Logo: University of Southern California

Two Computer Scientists Win High ACM Honors

Both of the honorees hold USC degrees

December 14, 2009 —

Viterbi School Computer Science Department Chair Shang-Hua Teng is now a Fellow and Professor Cyrus Shahabi a Distinguished Member of the Association of Computing Machinery (ACM).

Shang-Hua Teng
"ACM Fellow is yet another one in Shang-Hua's impressive array of recent awards. Like the others, it is a thoroughly justified recognition of his remarkable talent and his deep and sharp intellect," said Yannis C. Yortsos, dean of the Viterbi School. "On behalf of the school I express my warmest congratulations."

According to ACM President Dame Wendy Hall: "Fellow is ACM's most prestigious member grade, recognizing the top 1% of ACM members for their outstanding accomplishments in computing and information technology and/or outstanding service to ACM and the larger computing community. ACM Fellows serve as distinguished colleagues to whom the ACM and its members look for guidance and leadership as the world of information technology evolves."

Teng, Seeley G. Mudd Professor of Computer Science, joined the USC faculty in fall 2009 from Boston University, but was also a research affiliate professor of mathematics at MIT and held visiting appointments at Tsinghua University and Microsoft Research Asia. Previously, he was a research scientist at the IBM Almaden Research and a professor at the University of Illinois.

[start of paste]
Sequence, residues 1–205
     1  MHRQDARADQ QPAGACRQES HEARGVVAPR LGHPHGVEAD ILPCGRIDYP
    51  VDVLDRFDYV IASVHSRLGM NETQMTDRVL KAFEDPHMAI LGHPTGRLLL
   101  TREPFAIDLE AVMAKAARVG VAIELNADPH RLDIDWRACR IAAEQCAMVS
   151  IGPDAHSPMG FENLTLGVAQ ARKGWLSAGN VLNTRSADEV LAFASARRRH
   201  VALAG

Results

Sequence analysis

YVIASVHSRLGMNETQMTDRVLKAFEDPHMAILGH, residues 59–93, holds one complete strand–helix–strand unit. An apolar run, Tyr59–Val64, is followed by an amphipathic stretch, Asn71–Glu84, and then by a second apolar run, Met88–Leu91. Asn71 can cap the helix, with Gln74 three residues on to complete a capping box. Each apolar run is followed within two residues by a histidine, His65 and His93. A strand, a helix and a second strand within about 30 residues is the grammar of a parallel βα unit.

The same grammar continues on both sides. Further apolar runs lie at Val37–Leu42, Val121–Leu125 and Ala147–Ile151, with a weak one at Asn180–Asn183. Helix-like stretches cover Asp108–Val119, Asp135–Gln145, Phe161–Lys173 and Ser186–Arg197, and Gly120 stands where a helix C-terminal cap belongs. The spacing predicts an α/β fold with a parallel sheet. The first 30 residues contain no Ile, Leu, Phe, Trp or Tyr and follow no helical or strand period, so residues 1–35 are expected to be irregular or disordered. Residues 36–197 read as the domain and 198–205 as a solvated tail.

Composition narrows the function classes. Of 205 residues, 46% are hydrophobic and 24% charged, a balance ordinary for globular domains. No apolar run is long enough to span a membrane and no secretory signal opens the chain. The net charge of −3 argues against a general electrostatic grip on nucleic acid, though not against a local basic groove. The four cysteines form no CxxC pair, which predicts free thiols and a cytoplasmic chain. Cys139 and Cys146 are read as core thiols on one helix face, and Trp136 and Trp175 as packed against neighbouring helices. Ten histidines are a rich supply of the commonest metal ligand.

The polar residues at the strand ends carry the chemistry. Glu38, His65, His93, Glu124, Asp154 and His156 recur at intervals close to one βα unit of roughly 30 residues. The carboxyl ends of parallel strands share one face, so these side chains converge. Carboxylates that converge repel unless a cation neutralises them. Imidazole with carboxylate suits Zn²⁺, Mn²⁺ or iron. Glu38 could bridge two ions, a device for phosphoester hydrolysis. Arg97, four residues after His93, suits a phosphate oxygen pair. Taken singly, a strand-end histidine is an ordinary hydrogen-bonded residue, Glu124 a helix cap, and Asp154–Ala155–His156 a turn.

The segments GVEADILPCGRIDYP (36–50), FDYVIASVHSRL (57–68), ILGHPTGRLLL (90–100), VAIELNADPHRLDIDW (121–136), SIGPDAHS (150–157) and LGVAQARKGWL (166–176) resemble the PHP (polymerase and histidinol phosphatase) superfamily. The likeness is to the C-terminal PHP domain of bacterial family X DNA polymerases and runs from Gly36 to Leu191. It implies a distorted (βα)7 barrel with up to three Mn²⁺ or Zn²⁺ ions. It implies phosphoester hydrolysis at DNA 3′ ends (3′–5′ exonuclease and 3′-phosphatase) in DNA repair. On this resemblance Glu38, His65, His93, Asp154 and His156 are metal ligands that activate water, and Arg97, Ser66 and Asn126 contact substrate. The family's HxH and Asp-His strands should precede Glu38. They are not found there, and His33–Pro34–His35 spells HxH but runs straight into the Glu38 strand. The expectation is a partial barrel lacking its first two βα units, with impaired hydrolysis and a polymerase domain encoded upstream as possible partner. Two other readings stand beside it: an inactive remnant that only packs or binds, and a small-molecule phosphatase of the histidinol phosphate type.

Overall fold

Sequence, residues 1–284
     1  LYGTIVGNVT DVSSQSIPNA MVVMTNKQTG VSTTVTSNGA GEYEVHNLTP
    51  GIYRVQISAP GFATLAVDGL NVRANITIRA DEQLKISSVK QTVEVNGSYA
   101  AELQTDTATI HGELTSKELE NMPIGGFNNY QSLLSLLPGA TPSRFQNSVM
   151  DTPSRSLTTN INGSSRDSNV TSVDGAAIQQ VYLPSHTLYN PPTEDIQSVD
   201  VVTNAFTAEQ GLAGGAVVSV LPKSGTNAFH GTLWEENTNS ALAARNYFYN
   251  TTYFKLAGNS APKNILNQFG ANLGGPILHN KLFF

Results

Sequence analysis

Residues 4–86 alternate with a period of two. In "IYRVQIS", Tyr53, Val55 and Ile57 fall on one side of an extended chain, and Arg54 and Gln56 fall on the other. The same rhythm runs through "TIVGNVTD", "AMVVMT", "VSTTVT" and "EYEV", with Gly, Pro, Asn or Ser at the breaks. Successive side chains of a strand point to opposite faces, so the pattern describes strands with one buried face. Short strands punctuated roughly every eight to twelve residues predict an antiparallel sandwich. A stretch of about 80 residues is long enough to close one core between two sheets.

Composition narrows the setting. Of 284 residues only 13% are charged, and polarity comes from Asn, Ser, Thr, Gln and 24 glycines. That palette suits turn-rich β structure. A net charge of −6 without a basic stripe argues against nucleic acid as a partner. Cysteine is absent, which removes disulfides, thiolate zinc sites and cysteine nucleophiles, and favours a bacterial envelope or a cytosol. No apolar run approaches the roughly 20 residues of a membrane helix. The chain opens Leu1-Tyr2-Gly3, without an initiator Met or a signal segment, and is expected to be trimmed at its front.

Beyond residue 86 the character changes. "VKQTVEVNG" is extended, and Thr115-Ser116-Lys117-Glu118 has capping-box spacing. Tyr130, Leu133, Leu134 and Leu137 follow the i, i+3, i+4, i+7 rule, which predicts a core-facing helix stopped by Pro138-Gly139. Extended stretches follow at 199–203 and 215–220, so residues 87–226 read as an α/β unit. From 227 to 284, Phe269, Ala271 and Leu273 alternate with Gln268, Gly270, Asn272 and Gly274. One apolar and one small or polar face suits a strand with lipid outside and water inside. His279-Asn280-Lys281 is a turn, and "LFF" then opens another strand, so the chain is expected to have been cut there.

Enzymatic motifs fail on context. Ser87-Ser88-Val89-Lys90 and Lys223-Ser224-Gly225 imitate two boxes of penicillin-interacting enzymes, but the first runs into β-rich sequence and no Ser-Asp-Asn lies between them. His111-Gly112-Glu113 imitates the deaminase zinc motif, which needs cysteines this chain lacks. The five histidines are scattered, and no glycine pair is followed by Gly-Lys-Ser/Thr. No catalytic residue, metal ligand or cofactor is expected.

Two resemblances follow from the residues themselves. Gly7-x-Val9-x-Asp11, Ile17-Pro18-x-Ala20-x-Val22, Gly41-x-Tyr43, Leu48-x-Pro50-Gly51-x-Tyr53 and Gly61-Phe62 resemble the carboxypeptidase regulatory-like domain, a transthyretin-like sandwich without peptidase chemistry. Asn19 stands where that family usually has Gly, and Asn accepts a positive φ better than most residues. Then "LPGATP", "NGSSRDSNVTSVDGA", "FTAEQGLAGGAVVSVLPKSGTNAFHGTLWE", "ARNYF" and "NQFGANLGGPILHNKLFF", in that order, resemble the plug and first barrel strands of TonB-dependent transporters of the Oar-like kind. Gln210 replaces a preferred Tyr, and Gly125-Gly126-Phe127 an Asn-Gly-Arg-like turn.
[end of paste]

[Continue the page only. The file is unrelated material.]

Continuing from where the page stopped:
Recently, Teng won the 2009 Delbert Ray Fulkerson Prize and the the 2008 Gödel Prize. Other honors include an NSF Career Award, and an Alfred P. Sloan Fellowship.

Shahabi was one of 84 computer scientists named a Distinguished Member this year. This award recognizes ACM members with at least 15 years of professional experience and five years of continuous professional membership who have achieved signific ant accomplishments or have made a significant impact on the computing field.

                          Cyrus Shahabi

"As one of the leading scholars of geospatial and multidimensional data management, Cyrus's work is highly influential," said Teng, 

Shahabi received his B.S. in computer engineering from Sharif University of Technology and then his M.S. and Ph.D. Degrees in computer science at USC. He has authored two books and more than a hundred articles, book chapters, and conference papers in the areas of databases, geographic information systems and multimedia.

He received a National Science Foundation Early Career Award as well as the Presidential Early Career Award for Scientists and Engineers (PECASE). He is a senior member of IEEE.